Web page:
Since machine learning has advantages including easily identifying trends and patterns, no human intervention is needed, continuous improvement, and wide applications. After identifying the risk factors by Poisson regression, we fitted the machine learning model and adopted eight algorithms. It could be seen from the comparison plot that the comprehensive performance of XGBoost was better than the other seven algorithms. Then, after XGBoost calculation, the variable importance diagram is made. It can be seen that Cd, Hg, and Pb were the three most important metal elements, while Cr came last. We described the effects of Cd, and Hg on depression in the previous paragraph. It was reported that lead affects many known pathways that play a role in the development of depression, including neurogenesis and apoptosis, oxidative stress, glutathione, glutamate, calcium, and calmodulin, acetylcholine, and other neurotransmitters (15). Based on the rationality of the data, we tested the ROC curve and AUC value of the model. It could be seen that the performance of the model is good, and the AUC value reaches 0.88. Then, we used the 20% original data for prediction, and compared it with the actual value to form a confusion matrix. The accuracy of the whole model was 0.89 with 95%CI (0.87, 0.92) and the kappa value was 0.006. Based on this result, heavy metals could predict depression to a certain extent.

To make the model fitting process more intuitive, we also developed an online XGBoost prediction model application. In this model, users could change the model by adjusting 10 parameters to get a better model. Depression could also be predicted after model training. After entering the values of 10 metal elements, we could obtain the result of depression. The application could be used for related teaching and further research. These findings also contributed to the corresponding interventions for the prevention and control of depression. For example, depression might result in behavioral changes (i.e., smoking) and increased cadmium and lead exposure (19). Continuous efforts to reduce Cd through smoking cessation programs might reduce the prevalence of depression. Besides, Cr could not only improve the sensitivity of cells to insulin but also improve the function of serotonin and dopamine. It was very helpful and effective in the treatment of neurobehavioral processes such as depression and comorbidity (21).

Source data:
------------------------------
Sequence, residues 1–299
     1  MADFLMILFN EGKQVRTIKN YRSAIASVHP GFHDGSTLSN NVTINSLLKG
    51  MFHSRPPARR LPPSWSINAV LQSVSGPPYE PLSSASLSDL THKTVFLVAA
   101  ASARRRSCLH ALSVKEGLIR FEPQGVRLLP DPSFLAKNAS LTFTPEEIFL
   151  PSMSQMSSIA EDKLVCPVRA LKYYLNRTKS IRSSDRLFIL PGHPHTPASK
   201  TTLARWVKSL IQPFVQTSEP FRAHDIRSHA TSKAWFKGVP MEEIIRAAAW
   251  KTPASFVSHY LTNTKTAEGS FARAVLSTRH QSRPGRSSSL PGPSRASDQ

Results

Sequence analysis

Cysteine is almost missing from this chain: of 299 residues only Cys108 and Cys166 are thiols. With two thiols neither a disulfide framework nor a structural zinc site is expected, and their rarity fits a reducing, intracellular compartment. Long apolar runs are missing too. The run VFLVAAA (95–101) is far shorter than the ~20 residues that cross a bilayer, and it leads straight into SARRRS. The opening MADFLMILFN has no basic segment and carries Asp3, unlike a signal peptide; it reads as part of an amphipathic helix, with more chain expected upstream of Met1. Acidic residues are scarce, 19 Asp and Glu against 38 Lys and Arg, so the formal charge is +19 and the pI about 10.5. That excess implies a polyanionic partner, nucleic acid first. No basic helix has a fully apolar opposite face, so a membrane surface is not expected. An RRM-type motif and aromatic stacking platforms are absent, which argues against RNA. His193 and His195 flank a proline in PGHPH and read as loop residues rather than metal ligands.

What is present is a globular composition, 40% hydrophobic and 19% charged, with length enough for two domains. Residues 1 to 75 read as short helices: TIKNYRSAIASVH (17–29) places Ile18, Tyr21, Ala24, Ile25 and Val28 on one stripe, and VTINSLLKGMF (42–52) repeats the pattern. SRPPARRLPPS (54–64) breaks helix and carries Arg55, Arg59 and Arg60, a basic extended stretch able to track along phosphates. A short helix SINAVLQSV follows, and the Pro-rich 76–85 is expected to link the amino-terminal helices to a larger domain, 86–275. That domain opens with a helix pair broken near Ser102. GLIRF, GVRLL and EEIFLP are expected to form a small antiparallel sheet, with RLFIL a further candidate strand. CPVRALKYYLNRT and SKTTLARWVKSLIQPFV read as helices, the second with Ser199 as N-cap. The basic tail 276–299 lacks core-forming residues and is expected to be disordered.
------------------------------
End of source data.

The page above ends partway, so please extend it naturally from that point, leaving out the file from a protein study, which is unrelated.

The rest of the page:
However, this study still had some limitations. The most important factor was the cross-sectional nature of the NHANES dataset. Considering its cross-sectional design, we could not infer causality. Second, considering the large number of potential metal elements, we could not evaluate all relevant factors. Third, due to the limited types of metal elements reported in other years and the limited sample size of 10 metal elements, only 3,247 people from NHANES from 2017 to 2018 were selected for this study. Fourth, this study only analyzed the heavy metal's effect on depression, and other risk factors were not analyzed together. This was because of the limitation of data, and we could research including more risk factors in the future.

In conclusion, in Poisson regression and XGBoost models, this study further confirmed the effects of Cd, Hg, and EtHg on depression. At the same time, we also creatively made it possible for researchers to try the online prediction application to do further analysis.

Data availability statement

The original contributions presented in the study are included in the article/Supplementary material, further inquiries can be directed to the corresponding author.

Author contributions